Meline Ellwanger: Christoph and Fabienne Jansen from Switzerland, Frank Ennekens from Belgium, Andrew Goldberg of New York, and Siyu Liu and Wei Du from Pennsylvania. I’m from Germany and Ellen is from Virginia. And Jad (Davenport) is from Colorado.

Churchill Wild: And how did the other people feel about it, did they enjoy it?

Ellen Zangla: I think everybody had the best trip ever.

Meline Ellwanger: Yes.

Churchill Wild: So the group gelled quickly?

Ellen Zangla: I think so.

Meline Ellwanger: I think we clicked very fast. Everyone was very passionate about what we were doing, which was great. And at dinner, everyone’s talking and Jad’s telling stories. Everyone was telling stories. We were all having such a good time, so we clicked very fast.

Ellen Zangla: What was nice was that everybody had the same goals. Sometimes you might be on a trip where you’re going to be standing outside at minus 40, right? Some people might see the bears and want to go back after half an hour. No one was like that on this trip. Everybody wanted to stay out.

The wolves gelled, as did the group. Ellen Zangla photo.

The wolves gelled, as did the group. Ellen Zangla photo.

Churchill Wild: Did you get hungry out there? Did they have cookies and coffee for you?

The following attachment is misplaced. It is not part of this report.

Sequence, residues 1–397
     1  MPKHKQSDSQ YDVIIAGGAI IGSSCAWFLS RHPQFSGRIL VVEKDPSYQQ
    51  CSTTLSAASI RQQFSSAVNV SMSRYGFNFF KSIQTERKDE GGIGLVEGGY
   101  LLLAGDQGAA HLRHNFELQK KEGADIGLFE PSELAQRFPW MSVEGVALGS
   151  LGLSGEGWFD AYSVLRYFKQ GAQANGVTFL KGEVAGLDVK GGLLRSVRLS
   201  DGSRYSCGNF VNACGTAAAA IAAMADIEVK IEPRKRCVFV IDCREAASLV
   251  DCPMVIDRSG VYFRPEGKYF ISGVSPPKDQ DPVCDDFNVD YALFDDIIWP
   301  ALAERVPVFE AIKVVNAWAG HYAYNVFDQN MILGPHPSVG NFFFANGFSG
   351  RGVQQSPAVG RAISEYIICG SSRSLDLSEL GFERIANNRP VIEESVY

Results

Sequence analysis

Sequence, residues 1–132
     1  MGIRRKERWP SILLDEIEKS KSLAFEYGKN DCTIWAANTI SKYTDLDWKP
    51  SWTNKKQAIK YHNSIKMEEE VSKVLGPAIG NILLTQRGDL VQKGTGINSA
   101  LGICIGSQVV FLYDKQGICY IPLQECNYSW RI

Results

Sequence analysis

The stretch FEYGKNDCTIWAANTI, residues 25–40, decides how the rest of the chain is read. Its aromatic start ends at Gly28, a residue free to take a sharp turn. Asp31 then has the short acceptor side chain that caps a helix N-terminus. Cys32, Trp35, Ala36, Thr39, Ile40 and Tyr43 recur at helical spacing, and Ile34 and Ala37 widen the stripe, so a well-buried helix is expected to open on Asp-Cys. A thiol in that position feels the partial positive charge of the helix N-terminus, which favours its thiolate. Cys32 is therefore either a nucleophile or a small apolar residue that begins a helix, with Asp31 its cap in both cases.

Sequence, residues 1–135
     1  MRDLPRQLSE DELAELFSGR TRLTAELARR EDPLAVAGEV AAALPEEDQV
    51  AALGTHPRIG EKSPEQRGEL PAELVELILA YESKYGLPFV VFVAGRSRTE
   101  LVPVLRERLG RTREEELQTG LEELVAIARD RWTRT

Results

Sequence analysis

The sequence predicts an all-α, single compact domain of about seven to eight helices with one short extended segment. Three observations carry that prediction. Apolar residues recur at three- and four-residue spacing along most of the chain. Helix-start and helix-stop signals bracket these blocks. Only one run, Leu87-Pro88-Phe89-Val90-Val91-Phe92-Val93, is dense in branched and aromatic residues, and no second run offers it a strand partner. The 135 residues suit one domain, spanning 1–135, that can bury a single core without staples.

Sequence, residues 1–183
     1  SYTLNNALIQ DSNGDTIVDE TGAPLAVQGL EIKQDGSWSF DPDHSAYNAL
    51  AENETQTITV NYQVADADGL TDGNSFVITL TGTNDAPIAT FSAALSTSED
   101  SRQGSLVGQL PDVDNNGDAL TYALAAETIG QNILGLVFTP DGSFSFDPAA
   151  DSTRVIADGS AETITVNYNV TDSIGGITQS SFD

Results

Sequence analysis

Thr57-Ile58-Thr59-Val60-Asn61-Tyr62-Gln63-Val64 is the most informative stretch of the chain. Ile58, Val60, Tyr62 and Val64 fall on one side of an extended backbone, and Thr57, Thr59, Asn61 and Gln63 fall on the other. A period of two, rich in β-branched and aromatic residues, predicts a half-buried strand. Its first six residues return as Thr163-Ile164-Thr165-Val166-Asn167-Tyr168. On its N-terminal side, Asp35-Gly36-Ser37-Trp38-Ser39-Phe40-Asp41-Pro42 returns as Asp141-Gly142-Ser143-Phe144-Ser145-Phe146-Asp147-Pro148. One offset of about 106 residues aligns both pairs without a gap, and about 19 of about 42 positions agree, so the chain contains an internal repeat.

Meline Ellwanger: They had everything.

Ellen Zangla: Yes. Everything. But when you’re out there shooting and you’re so focused, when you’re working outside, it’s like when I’m doing my dog photography. I don’t think about food. I don’t get hungry.

Churchill Wild: So you saw the polar bears the first day, what about the wolves? What happened the next day?

Ellen Zangla: We went back to see if the mom was still there, and she was gone. She made it back out onto the ice with both cubs. They saw the tracks.

Meline Ellwanger: We saw one wolf that day, when we were driving back. She was sleeping, all curled up 10 metres from us.

Ellen Zangla: She just looked at us…

Meline Ellwanger: And then went back to sleep. I mean she literally did not care about us being there at all. She opened her eyes, looked up us at once, and then just went back to sleep. Jad put it nicely when he said, ‘We found a sleeping wolf and we left a sleeping wolf.’

Ellen Zangla: We didn’t harass her to the point where she got up and left. She was sleeping. And when we left, she was still sleeping in the exact same spot. So I really liked the way Jad put it. We took some photos and then we were like, okay, she’s sleeping. Let’s just leave her alone. And then the rest of the day was kind of quiet, but there was something every day. The next day was when the wolves came to the lodge.

Meline Ellwanger: The wolves were everywhere. It was awesome. We were eating breakfast in the dining room. It was in the morning. And Adam (Reimer) said ‘The wolves are here. Just put on your parkas, grab your cameras, and come out.’ So everyone puts on their parkas and I’m the last one to go out. I just get on to the deck, at the top of the stairs, and Adam says, ‘Okay, Meline, don’t move.’ And I turn around and there’s a wolf is at the bottom of the stairs.